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Overall Rating
3.7

Awesome46.81%
Worth A Look: 6.38%
Average: 19.15%
Pretty Bad: 25.53%
Total Crap: 2.13%

6 reviews, 11 user ratings


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Science of Sleep, The
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by U.J. Lessing

"Sleep little darling; do not cry, and I will sing a lullaby."
5 stars

In the past, horror filmmakers like David Cronenberg, have explored characters that lose the ability to distinguish between reality and their own imagination. The results were always gruesome. Now, Michel Gondry’s most personal project, “The Science of Sleep” takes on a similar motif, however, this time the approach is more philosophical. Gondry never lets his protagonist’s life become transformed into a sickening panorama of delusions, but instead creates a hero who transforms his life into a work of art. The result is a richly textured film that will have you waxing poetic long after you’ve driven out of the theater’s parking lot.

The film introduces us to Stephane (Gael García Bernal), a true “gentle” man in desperate need of a job to drain away some of his imagination’s vigor. For most of us, dreams play only a small part in shaping our reality. In Stephane’s life, reality plays a minor part in his existence. Waking daydreams and night landscapes dictate his being. Stephane’s imagination blends his fancies into the events of reality, making them indistinguishable from each other.

Stephane returns to his childhood home in Paris when his mother finds him a job working for a calendar publisher. Still carrying the emotional weight of his father’s death, Stephane is like a malnourished child hungry for love and companionship. The job proves to be fruitless technical work, and Stephane’s creative energies begin to boil over.

A new outlet for his imagination enters Stephane’s life in the form of Stephanie (Charlotte Gainsbourg), an inventive woman who creates fanciful objects out of stuff around her apartment. Stephane begins constructing various objects and inventions to win her over, including a device that shows the world in 3-D, a time machine that takes the user back one second in time, and a galloping toy horse.

While Stephanie is deeply in love with Stephane’s artistic sensibilities, she knows that his frail grasp of reality has given him the emotional maturity of a child. These flaws keep her at bay and limit their relationship to a friendship. Yet, they both recognize that they are two parts of a whole. Stephanie’s true feelings bleed through Stephane’s consciousness and into his dreams.

“The Science of Sleep” relies heavily on surrealism, but it’s not the sharp hallucinogenic surrealism of Dali or Buñuel. This is the type of surrealism one would find in a child’s picture book. Particularly striking are sequences that pay homage to the illustrations of Maurice Sendak. Think In the Night Kitchen.

As for the story, it’s a bit stagnant, but so is a beautiful pond or a vibrant marsh. The story relies less on major plot points and more on complex layering and satisfying characters.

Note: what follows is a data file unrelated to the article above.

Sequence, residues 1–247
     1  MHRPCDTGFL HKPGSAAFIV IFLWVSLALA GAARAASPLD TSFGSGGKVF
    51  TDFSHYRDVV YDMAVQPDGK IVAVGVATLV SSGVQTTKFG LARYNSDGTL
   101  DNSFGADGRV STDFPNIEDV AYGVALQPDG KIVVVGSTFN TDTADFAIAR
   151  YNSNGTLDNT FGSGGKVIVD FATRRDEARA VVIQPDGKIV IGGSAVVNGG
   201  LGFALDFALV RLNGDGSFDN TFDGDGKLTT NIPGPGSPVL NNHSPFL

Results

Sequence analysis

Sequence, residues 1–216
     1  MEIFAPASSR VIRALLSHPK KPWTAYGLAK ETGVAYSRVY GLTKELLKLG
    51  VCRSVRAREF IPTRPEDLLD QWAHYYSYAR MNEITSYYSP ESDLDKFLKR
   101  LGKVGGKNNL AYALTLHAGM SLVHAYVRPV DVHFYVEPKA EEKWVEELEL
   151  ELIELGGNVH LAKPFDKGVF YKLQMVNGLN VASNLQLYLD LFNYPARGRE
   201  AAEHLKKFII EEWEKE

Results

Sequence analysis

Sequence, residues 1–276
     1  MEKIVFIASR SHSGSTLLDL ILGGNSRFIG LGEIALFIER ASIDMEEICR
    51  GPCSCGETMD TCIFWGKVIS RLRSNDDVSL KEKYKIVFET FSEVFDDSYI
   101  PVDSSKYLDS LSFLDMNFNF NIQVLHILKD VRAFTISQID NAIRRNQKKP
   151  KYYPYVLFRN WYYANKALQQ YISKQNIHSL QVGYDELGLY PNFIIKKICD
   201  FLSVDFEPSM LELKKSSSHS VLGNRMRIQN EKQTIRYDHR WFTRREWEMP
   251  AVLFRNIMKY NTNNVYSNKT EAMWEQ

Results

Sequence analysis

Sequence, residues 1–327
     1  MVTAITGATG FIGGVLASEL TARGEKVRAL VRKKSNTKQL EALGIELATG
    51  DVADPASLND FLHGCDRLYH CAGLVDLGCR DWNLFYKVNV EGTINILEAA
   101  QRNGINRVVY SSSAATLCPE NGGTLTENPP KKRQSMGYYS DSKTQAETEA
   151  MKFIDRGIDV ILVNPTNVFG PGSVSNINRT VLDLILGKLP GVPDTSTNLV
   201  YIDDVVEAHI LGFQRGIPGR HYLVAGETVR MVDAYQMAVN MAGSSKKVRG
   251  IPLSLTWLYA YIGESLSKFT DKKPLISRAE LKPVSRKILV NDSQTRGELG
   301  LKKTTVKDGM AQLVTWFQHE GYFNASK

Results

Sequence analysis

The acting is emotive and poignant. Particularly impressive are the supporting characters, who are as fleshed out as the primary characters. Stephane’s co-worker, Guy (Alain Chabat), a rowdy, vulgar ham who comprehends Stephane’s mix of artistry and life, could be the subject of a separate film.

“The Science of Sleep” weaves together the themes of children’s creativity, the contrast of a child’s love for a parent and an adult’s love for a parent, essential art, and the melancholy creativity of the artist to create a truly wondrous masterwork.

Michel Gondry has produced the best poetic film since “Fast, Cheap and Out of Control.” This is an important work that should not be missed. “The Science of Sleep” is probably not a film for everyone, but in a perfect world where dreamers and artists were celebrated, it would be.

link directly to this review at http://www.efilmcritic.com/review.php?movie=13581&reviewer=396
originally posted: 09/06/06 10:08:00
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OFFICIAL SELECTION: 2006 Sundance Film Festival For more in the 2006 Sundance Film Festival series, click here.
OFFICIAL SELECTION: 2006 Seattle Film Festival For more in the 2006 Seattle Film Festival series, click here.

User Comments

8/24/08 PAUL SHORTT COMES OFF AS FRUSTRATINGLY SURREAL AND EVEN A BIT PRETENTIOUS 1 stars
8/03/08 Samantha Pruitt Amelie + Eternal Sunshine of the Spotless Mind = this movie, a little less, imaginative 3 stars
1/26/08 James from Dublin imaginative,thought provoking,beautiful film,loved Laura Faggioni's designs,clouds,horse 4 stars
10/29/06 jcjs so fine..i thought 'Scanner Darkly the smartest of the year until this.even with no words 5 stars
10/15/06 Heather The scene involving the electric shaver is priceless 4 stars
10/02/06 Mike This film has made my list of all time favorites. I love Gondry and Garcia. 5 stars
10/02/06 Jim the Movie Freak One of the best films of the past five years. 5 stars
9/22/06 Guido Whimsy and imagination, these days, seems lost on people. A great film. 5 stars
9/13/06 veronique not my kind of movie 3 stars
9/13/06 Edward Connell IMAGINATION? You will need one to follow the storyline. 3 stars
6/20/06 Blackbrain You can only take from this film what you brought to the theater. 4 stars
IF YOU'VE SEEN THIS FILM, RATE IT!
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USA
  22-Sep-2006 (R)
  DVD: 06-Feb-2007

UK
  N/A

Australia
  03-May-2007



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